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On August 14, 1947, the State of Pakistan came into existence as a result of continuous political movement waged for the creation of a separate homeland for the Muslims of Indian sub-continent. Though the creation of such a State has not been able to satisfy the political, moral and material aspirations of the Muslim community. And a different Pakistan was portrayed post 9/11.
South Asian diasporic fiction has been widely known for its representation of culturally hybrid characters that challenges fixed conception of ethnic and racial identity. One of the novels by Pakistani diasporic writer Mohsin Hamid, The Reluctant Fundamentalist deals with the image of south Asian identity following the events of 9/11.
The film adaptation with the same title was made by Mira Nair. It is a moving portrait of how a series of incidents, public perceptions and one’s sense of identity can change a person. Set against the backdrop of a post-911 world, young Pakistani college student, Changez (Riz Ahmed), begins his new life in the US as a Princeton graduate quickly rising as a star on Wall Street. With a promising future ahead of him and a gorgeous artist girlfriend (Kate Hudson), Changez is well on his way to attain the American Dream when suddenly, with the fall of the towers, so unravels his identity and purpose. The Reluctant Fundamentalist is an inspired movie that portrays how easily perception, fear and suspicion can determine the lives and deaths of so many people, both innocent and guilty.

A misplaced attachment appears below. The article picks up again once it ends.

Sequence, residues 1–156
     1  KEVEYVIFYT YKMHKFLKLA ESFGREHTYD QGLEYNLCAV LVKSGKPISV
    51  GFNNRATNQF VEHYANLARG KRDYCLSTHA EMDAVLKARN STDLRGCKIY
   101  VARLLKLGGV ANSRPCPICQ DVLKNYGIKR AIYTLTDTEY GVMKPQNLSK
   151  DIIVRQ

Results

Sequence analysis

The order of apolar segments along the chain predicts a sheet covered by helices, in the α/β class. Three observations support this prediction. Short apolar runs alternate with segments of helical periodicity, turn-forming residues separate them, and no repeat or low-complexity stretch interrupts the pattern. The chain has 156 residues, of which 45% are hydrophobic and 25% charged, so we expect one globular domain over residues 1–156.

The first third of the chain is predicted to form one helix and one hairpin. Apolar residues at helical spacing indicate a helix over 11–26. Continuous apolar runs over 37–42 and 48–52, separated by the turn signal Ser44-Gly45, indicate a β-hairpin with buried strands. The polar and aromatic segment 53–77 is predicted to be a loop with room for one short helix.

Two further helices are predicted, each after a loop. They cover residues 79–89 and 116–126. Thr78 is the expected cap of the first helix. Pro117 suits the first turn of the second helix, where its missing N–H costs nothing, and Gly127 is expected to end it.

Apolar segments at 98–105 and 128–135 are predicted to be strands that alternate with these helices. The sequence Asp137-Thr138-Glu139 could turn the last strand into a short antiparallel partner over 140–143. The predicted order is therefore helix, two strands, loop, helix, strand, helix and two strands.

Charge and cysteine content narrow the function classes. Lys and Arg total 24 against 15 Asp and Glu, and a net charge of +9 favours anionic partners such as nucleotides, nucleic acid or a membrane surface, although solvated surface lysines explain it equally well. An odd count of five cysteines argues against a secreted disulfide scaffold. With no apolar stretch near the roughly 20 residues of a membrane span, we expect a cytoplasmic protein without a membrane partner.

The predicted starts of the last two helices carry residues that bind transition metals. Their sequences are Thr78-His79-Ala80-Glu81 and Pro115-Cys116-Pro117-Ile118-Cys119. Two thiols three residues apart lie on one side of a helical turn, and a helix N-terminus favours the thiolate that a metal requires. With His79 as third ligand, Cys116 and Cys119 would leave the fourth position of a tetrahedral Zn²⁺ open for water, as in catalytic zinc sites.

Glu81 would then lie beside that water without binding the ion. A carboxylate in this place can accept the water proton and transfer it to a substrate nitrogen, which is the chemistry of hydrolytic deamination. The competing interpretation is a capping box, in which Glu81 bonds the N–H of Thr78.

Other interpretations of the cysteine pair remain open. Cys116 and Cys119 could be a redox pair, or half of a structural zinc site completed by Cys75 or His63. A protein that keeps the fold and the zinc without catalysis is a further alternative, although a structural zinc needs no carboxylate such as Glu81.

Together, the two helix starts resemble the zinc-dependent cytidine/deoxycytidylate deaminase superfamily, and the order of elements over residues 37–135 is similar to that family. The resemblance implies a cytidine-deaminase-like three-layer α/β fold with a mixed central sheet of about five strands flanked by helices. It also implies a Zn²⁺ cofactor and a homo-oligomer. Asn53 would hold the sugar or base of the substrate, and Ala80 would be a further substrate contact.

This paper tries to deal with the injustice of effects of 9/11on the lives of main characters and the inability to continue privileged, mainstream American life, in context with The Reluctant Fundamentalist, the book by Mohsin Hamid and also with The Reluctant Fundamentalist a movie by Mira Nair.
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